Whatsapp I suppose there must be someone left in Britain who is surprised or shocked that a minor member of the royal family has alleged homosexual tendencies and is partial to the odd snort of cocaine. Frankly, I suspect most British people would shrug their shoulders with resignation and boredom even if it were reported that a fairly important royal had been photographed mainlining anthrax spores while fellating a pine marten.
The newspapers, denied the right to inform their readers of the identity of the blackmail victim, instead directed them to a whole bunch of websites which had blithely ignored the injunction. I bet very few people took up the invitation.
I did, mind, on your behalf. So, I thought, those are the sort of people who think minor royal misdemeanours are interesting. In fact, the sites which chose to print the name of the royal were either anti-Semitic conspiracy theorist blogs, or bottom-of-the-barrel trash-celeb sites, or supposedly respectable Australian newspapers. In each case a certain agenda was at work.
After that, the royal gay sex blackmail stuff was booted well and truly inside, even when the papers had got photographs of the men accused of doing the blackmailing. Ian Strachan, the floppy-haired, pudding-faced royal hanger-on accused of jointly instigating the blackmail, has clearly set his cap at the wrong sort of royalty — the old royalty, which nobody very much cares about any more. That would have been page one for several days. And remember, blackmailers have a tendency to overestimate the magnitude of their hold over their chosen victims.
And it was evident too in the speed with which the story migrated to the inside pages of our newspapers and in the comparatively candid response from both the police and the royal family. Partly this is a result of our acceptance of both homosexuality and class A drugs. Similarly, we are no longer terribly disquieted by illegal drugs. We are no longer allowed to feel comfortable imbibing our legal drugs of choice and so the notion of transgression implied in the consumption of illegal drugs such as cocaine is substantially diminished.
I have always assumed, without the tiniest shred of evidence, that all younger members of the royal family are possessed of noses which may very well soon fall off through prodigious consumption of cocaine. The horrible nightclubs they frequent have, in some cases, been forced to remove the lids to their lavatories in order to stop customers hoovering up vast mounds of coke from on top of them.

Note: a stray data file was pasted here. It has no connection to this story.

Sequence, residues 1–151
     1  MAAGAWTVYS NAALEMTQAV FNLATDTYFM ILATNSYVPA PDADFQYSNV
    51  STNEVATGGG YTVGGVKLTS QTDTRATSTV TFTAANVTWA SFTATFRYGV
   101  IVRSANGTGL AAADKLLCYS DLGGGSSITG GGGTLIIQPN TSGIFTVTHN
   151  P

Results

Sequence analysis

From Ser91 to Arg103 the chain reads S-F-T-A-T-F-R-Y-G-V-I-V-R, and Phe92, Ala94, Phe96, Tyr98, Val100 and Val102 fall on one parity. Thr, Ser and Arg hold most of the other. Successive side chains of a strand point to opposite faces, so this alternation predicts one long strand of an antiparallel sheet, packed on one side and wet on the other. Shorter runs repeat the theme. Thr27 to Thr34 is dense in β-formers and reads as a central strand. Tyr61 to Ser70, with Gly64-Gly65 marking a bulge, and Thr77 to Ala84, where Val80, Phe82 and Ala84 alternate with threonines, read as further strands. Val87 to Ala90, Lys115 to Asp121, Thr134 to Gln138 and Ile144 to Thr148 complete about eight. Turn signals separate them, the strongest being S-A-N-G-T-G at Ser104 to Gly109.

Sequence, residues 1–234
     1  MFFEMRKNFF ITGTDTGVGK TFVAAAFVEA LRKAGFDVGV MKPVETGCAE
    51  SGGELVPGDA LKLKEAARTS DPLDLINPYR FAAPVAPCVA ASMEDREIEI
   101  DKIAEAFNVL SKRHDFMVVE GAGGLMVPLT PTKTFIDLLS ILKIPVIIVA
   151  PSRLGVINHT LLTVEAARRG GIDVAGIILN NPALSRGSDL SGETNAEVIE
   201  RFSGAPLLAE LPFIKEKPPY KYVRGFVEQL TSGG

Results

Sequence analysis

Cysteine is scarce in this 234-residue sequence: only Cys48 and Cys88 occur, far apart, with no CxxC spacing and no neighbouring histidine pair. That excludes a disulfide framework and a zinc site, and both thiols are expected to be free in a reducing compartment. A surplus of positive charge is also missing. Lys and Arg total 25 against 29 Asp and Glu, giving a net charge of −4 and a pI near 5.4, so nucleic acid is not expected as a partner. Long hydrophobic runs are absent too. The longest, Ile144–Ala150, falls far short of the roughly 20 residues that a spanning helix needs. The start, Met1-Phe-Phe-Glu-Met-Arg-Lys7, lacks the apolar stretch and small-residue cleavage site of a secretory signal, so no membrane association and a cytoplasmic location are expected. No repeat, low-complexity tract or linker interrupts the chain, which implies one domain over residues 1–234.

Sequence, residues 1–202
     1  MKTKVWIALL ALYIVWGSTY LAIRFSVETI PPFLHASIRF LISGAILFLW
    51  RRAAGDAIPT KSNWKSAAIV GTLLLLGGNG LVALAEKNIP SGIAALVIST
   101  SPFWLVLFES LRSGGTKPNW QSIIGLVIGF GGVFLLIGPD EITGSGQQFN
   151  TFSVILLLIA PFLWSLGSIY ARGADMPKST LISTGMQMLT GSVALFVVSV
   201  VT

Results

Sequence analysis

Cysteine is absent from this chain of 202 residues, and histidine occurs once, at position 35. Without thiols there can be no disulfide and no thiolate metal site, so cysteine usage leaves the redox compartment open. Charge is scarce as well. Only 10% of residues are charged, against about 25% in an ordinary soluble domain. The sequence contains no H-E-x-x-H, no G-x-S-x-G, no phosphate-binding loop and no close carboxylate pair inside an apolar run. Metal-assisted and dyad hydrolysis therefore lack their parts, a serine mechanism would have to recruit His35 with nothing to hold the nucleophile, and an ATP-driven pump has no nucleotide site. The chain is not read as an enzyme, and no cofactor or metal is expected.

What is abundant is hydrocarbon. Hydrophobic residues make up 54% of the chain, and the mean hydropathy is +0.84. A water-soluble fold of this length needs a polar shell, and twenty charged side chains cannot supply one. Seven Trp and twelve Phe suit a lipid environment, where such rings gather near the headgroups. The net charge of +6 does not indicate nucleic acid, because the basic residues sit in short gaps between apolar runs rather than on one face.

I have to say, as a commitment to preventing drug abuse, this strikes me as rather less rigorous than the approach adopted in, say, Singapore or Kuala Lumpur. But then I suppose a gibbet in the middle of the dance floor would be bad for business. But in any case at least one minor royal, Freddie Windsor, has admitted to having used cocaine in the past. Youthful indiscretion, mere experimentation, student days, bad influence of peer group, etc.
Yeah, as they say, right. But more to the point, the thing which has changed even more dramatically is our relationship with the royal family.
Might I suggest that some of the mystique, the natural deference, the regard has, well, evaporated? Reported, I ought to add, with enormous glee and jubilation.
To be sure, the Diana business — all of it, from those staged, crassly manipulative photographs of her looking distraught in front of the Taj Mahal, to the affair with the unpalatable Dodi Fayed and the terrible denouement — diminished the royal family in the eyes of the public and sucked from the institution vast reservoirs of respect.
But Charles more than held his own for the republican cause. What on earth will they get up to next, we wondered to ourselves, when the tampon stuff hit the papers? At the behest of a new breed of spin doctors and a sharp new government, the royal family attempted to be more accessible to their subjects while simultaneously continuing with the pretence that they were in some way exalted human beings. Tell us something new.